Thursday, 14 February 2013

Strip pieced patchwork

Strip pieced patchwork


Strip piecing involves joining two or more strips of fabric and then cutting smaller units from those joined strips.
The idea behind strip piecing a quilt is simple: most quilts are created with a series of squares or rectangles in a certain colour pattern.

Instead of cutting out each individual square or rectangle, in strip piecing, you piece together long strips in the colour pattern, then cut them apart and stitch the pieces back together.

The trick is to sew your strips together into rows then join the top and bottom edges so you end up with a tube. Then cut through the tube at 90 degree angles to your original strips. 
As you can see this gives you strips of lots of small squares (or rectangles in some of the bargello strips where they are cut in varying widths) but without having to sew lots of tiny seams. This saves huge amounts of time and effort!

Depending on how you lay out your original strips, cut your sewn strips and how you join them you can create completely different effects. Here are some examples:

Bargello

I'm working on a bargello table runner which will be living on the blanket box at the bottom of our bed.  Pop back to see the finished article soon!

I also had a section that I'd sewn on the college machine and not got my 1/4 inch seam accurate so I couldn't match it with the sections I made at home. I tried to think of a use for it and came up with this lovely journal cover for my blog planner diary




Trip around the world


As you can see above a completely different effect is achieved by using repeating fabrics in the same placement or by using different fabrics or scrap fabrics. I have started collecting scrap strips to make my own soon. 

Seminole

Native Americans represent several diverse cultures, each rich in symbolism that is represented in artwork ranging from woven Navajo rugs to intricate beading on leather.
As settlers and soldiers moved west they brought quilts with them. Native Americans were fascinated with these new bedcoverings.
Quilting was also introduced to Native Americans by missionaries who sought to "civilize" the natives by teaching them traditional European homemaking skills. Native American quilters soon found creative ways to incorporate their own cultural designs into their quilts. Seminole quilting originated from the Seminole patchwork used for clothing by these southeastern Native Americans. In the late 1800s it was a long trip from the Everglades to trade for cotton cloth so women began sewing strips made from the fabric left on the end of the bolts to make what was know as "strip clothing". The sewing machine became available to these women around the end of the 19th century making it possible to use much smaller strips. Seminole designs grew to become even more elaborate and complex. Seminole patchwork was usually used for traditional dress including the women's long full skirts and big patchwork shirts worn by the men. Even today these garments are worn for special occasions. These beautiful Seminole patchwork patterns eventually become popular in quilt making as well.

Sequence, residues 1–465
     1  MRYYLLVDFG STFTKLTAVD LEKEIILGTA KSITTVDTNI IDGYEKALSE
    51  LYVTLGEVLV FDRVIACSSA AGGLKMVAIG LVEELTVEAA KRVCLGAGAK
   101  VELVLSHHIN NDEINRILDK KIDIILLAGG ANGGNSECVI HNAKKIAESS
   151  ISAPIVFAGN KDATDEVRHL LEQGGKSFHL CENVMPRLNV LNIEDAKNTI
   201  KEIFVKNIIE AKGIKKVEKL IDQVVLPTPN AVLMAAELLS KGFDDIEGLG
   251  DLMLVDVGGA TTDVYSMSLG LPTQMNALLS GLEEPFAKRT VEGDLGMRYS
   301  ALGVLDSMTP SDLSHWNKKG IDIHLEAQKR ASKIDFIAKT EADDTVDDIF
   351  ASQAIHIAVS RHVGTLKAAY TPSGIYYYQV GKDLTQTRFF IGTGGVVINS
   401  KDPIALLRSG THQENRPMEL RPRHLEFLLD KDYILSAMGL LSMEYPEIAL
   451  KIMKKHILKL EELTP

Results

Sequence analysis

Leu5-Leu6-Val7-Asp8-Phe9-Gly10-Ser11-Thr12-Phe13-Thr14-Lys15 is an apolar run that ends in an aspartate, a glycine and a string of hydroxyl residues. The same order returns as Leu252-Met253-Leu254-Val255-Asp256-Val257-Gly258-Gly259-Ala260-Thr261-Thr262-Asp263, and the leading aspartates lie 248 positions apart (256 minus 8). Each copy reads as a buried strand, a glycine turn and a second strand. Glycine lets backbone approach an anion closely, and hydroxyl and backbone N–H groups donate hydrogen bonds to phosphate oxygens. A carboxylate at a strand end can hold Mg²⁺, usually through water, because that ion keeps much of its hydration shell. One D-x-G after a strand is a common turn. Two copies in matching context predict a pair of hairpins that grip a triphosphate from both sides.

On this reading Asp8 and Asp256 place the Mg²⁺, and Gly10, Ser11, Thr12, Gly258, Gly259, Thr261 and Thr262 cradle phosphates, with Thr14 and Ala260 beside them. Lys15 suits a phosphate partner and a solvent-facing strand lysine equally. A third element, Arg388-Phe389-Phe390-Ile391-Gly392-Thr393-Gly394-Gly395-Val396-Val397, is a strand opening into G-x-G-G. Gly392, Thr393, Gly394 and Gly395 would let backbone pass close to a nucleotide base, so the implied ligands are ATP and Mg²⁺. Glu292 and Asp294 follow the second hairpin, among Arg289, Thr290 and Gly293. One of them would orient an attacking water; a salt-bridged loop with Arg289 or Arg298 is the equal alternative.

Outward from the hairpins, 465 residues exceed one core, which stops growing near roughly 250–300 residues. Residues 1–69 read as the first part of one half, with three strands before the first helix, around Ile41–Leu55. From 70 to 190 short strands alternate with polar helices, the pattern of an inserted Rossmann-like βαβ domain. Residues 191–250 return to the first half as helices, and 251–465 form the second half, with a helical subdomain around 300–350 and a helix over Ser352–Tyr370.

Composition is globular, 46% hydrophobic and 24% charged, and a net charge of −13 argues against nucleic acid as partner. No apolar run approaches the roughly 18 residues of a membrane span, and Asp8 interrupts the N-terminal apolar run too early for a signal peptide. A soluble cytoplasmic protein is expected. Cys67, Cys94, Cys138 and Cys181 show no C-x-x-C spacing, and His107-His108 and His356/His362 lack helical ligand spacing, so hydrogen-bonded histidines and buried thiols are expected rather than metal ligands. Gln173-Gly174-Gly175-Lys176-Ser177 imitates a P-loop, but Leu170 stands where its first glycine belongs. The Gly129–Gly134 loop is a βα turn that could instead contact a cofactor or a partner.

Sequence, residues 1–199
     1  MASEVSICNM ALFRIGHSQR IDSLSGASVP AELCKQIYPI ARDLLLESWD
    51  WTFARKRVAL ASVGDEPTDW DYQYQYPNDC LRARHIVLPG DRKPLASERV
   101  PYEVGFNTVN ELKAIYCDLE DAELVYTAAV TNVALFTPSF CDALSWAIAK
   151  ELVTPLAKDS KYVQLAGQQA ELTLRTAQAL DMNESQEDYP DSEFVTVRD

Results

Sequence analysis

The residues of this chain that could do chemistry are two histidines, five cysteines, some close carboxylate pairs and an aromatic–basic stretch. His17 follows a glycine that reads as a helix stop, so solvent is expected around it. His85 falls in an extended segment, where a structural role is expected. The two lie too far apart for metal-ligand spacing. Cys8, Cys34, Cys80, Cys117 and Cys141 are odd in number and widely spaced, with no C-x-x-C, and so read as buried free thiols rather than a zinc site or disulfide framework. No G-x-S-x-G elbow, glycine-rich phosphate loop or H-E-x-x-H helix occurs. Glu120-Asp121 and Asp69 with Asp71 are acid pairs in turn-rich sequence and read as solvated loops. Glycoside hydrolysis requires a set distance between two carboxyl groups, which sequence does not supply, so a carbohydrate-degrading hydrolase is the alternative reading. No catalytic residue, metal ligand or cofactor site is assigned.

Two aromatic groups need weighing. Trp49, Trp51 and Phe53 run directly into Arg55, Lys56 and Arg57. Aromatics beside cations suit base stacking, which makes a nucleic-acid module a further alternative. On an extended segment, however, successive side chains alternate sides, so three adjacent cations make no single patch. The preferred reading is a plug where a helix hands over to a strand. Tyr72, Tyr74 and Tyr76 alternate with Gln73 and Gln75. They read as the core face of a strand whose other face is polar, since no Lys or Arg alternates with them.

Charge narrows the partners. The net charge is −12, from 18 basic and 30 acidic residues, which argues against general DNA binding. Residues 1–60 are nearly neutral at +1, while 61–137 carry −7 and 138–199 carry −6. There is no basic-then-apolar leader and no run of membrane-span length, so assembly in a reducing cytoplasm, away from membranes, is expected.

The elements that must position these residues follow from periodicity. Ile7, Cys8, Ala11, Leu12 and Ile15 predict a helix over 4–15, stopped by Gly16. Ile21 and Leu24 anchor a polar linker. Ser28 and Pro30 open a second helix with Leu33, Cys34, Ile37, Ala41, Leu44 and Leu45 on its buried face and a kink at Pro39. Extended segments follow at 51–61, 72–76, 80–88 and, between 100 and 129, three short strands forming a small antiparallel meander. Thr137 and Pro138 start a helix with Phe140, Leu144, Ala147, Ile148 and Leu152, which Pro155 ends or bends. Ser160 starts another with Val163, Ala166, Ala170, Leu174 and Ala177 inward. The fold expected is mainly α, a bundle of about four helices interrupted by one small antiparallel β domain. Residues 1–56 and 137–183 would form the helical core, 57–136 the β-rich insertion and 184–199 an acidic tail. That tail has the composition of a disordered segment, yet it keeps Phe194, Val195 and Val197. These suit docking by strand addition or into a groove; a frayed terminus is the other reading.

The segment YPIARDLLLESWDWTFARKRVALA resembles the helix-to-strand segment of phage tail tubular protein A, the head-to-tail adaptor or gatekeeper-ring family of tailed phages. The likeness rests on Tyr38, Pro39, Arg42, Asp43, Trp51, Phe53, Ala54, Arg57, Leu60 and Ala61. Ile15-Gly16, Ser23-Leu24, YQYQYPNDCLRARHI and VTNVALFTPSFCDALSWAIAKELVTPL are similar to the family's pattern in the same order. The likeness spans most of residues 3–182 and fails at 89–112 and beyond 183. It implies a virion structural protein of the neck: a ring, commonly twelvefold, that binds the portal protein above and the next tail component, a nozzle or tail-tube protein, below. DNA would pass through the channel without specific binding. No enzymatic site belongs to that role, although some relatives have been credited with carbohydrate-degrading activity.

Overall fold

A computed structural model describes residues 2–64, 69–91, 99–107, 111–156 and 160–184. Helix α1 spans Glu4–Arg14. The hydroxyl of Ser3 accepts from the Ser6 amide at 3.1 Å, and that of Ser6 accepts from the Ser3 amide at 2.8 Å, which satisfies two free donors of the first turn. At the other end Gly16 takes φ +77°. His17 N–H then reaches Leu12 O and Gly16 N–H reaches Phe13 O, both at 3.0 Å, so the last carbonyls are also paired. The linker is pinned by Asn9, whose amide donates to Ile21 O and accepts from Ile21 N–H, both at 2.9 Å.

As the below picture shows using different numbers of colours, different sizes of strips and different arrangements can create very different effects.

Herringbone

Source 

Friendship braid
This is the friendship braid table runner that I made for our Christmas dining table. 

Chevron


A chevron is formed by long skinny angled strips that are longer than they are wide. And unlike a zigzag cannot be formed by using half square triangles. They are formed by cutting your panel of strips at a 45 degree angle and joining along these cut lines.

Log cabin



Log Cabin quilt designs are among the most popular and easily recognized of all quilt patterns. Beginning with a centre shape, usually a square, the traditional design is made by sewing strips in sequence around the sides of the square, varying the values between light and dark. They can be arranged in many different ways once complete to create different effects. Americans have long considered this pattern the quintessential American design. Quilters are told that it represents log cabins on the prairie with red centre squares for the hearth, light values on one side for the sunny side of the house and dark values on the opposite side for the shady side of the house.


This is a basic introduction to strip piecing but there are many more detailed tutorials available in books or on the internet. My favourite is the Bonnie Hunter tutorial at Quiltville.

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